On July 12, 1995, Defendant filed a Motion for New Trial. The Motion for New Trial was not accompanied by supporting memorandum. On August 4, 1995, Defendant filed his "Memorandum in Support of Defendant's Motion for New Trial" (Document No. 1384). Defendant's motion alleges that the Court erred in two respects: (1) in denying Defendant's pretrial motion for suppression of physical evidence, which sought suppression of all physical evidence obtained pursuant to the September 23, 1988 search of 930 Saw Mill Run Boulevard on the basis of the officers' failure to knock and announce their presence prior to entry, United States v. Conley, 856 F. Supp. 1010 (W.D. Pa. 1994), and (2) the Court's denial of Defendant's Motion for Reconsideration.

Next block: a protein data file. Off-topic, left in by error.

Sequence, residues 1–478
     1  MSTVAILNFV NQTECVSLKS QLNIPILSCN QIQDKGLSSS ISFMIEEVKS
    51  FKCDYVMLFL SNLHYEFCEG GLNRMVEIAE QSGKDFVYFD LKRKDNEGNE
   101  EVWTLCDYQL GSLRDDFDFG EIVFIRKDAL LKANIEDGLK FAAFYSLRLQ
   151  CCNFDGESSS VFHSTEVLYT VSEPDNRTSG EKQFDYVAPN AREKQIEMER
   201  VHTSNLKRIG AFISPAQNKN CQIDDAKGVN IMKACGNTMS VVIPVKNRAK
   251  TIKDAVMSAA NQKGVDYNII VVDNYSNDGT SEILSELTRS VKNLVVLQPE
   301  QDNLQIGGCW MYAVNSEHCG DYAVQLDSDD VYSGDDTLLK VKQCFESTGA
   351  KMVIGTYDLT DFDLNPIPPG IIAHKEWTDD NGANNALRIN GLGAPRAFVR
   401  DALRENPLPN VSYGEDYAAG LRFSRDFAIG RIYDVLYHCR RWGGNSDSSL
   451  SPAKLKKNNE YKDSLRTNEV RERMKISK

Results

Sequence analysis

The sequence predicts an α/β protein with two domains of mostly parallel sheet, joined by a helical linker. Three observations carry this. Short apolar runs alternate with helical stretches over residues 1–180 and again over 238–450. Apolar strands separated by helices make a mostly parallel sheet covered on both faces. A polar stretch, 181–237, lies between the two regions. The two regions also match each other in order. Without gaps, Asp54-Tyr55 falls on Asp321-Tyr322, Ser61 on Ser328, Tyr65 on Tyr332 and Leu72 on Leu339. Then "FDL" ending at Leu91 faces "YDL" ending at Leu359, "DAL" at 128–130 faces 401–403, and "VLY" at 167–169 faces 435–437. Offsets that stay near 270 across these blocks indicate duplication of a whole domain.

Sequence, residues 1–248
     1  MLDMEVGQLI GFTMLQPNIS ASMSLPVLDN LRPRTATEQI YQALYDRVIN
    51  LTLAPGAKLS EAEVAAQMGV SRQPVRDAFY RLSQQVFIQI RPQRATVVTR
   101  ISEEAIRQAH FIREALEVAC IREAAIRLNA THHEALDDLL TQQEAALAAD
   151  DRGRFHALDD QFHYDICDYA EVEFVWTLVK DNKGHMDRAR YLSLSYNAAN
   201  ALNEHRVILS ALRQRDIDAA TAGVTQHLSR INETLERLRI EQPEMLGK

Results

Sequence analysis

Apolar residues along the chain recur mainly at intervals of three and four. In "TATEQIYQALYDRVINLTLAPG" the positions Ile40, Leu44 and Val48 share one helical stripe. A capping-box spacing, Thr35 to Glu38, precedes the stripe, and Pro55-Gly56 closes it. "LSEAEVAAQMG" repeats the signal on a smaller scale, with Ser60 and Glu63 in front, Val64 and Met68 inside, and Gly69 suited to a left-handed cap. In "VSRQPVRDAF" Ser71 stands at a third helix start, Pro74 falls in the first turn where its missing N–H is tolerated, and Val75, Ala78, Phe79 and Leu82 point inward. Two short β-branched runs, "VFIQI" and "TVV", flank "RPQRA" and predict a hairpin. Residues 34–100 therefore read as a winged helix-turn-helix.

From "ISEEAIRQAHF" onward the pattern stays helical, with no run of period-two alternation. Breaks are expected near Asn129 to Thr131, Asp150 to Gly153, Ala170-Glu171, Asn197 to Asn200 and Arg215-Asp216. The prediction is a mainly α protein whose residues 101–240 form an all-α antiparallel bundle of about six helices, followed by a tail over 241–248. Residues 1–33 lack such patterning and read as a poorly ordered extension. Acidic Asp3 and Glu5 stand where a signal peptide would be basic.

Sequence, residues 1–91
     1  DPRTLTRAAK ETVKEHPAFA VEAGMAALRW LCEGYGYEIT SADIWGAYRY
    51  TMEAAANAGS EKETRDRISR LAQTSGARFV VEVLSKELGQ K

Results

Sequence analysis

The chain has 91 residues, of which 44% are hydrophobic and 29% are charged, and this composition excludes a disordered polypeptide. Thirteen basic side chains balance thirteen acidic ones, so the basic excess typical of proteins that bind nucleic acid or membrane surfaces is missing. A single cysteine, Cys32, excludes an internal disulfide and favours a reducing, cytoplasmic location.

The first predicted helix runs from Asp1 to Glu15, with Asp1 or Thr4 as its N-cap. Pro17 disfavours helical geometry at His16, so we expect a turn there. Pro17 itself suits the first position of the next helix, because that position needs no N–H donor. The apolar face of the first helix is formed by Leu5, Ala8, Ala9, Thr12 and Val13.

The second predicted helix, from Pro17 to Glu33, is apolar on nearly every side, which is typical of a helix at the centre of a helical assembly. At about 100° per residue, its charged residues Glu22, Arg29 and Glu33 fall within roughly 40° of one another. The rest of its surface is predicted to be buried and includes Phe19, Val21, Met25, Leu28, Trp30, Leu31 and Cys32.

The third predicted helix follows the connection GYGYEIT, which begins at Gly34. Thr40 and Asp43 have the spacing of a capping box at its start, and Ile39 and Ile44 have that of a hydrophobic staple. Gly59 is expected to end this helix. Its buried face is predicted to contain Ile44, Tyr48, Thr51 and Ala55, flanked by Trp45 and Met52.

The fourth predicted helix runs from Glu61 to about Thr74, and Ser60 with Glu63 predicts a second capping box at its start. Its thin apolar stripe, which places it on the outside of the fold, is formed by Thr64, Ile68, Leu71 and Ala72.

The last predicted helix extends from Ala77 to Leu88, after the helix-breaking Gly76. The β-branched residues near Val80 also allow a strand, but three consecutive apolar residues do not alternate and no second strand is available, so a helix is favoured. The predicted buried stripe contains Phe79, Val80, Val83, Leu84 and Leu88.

a. Pretrial Motion for Suppression of Physical Evidence and Defendant's Motion New Trial
On January 7, 1994, the Court denied Defendant's motion for suppression and upheld the legality of a search conducted on September 23, 1988, by the Pittsburgh police at a business establishment located at 930 Saw Mill Run Boulevard in Pittsburgh, Pennsylvania. United States v. Conley, 856 F. Supp. 1010 (W.D. Pa. 1994). The Court concluded that "the state officers who executed the search warrant for 930 Saw Mill Run Boulevard on September 23, 1993 (sic) comported with the reasonableness requirements of the Fourth Amendment in entering the 930 Saw Mill Run premises without knocking and announcing their presence and authority." Id. at 1032.